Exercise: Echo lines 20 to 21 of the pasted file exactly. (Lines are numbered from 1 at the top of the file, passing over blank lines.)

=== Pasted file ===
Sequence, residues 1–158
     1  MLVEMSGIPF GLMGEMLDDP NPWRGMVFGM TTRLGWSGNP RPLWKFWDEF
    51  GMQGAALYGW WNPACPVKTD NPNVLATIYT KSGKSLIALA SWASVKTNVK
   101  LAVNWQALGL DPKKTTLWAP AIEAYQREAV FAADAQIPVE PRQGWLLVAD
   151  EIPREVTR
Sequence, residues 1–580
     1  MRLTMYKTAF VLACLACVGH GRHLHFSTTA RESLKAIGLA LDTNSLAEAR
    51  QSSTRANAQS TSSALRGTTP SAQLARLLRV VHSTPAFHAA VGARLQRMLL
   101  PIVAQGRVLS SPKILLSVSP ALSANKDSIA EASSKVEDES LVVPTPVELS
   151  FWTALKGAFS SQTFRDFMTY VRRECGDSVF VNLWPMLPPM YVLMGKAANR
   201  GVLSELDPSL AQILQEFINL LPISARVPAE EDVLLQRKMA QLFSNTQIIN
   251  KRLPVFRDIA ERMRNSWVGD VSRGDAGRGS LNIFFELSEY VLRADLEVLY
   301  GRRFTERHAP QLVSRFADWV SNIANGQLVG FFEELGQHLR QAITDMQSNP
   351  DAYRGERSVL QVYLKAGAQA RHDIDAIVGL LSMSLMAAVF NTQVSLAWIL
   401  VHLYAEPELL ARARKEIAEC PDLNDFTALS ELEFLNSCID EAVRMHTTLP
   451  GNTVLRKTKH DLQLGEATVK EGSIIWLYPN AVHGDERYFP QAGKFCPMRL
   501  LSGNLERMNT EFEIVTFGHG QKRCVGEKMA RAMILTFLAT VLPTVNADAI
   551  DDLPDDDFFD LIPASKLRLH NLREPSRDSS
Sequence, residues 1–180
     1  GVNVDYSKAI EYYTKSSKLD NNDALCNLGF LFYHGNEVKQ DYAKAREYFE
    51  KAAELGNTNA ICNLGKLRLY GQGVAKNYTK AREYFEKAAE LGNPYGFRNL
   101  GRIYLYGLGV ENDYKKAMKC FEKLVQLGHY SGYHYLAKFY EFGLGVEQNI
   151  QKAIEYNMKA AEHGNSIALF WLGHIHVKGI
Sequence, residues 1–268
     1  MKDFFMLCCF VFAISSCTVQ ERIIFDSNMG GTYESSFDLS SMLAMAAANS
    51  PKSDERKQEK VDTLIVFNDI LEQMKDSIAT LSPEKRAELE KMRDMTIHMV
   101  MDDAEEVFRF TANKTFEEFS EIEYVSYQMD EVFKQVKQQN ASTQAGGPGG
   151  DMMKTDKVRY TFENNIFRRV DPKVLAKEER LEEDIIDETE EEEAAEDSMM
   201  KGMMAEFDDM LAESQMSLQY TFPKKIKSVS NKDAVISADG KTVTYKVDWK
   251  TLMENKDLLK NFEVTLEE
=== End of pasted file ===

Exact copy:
     1  GVNVDYSKAI EYYTKSSKLD NNDALCNLGF LFYHGNEVKQ DYAKAREYFE
    51  KAAELGNTNA ICNLGKLRLY GQGVAKNYTK AREYFEKAAE LGNPYGFRNL